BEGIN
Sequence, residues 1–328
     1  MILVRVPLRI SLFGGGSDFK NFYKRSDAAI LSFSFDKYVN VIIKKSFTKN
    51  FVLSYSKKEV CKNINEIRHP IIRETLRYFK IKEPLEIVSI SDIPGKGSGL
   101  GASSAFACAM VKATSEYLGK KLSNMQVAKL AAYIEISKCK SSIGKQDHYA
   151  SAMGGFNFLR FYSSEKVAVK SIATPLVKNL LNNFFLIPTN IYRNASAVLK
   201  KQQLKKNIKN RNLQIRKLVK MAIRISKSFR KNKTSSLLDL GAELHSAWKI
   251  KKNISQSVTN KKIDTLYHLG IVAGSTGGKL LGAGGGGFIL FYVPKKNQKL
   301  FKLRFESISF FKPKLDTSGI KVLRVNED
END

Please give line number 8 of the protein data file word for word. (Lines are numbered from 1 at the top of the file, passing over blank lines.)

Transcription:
   301  FKLRFESISF FKPKLDTSGI KVLRVNED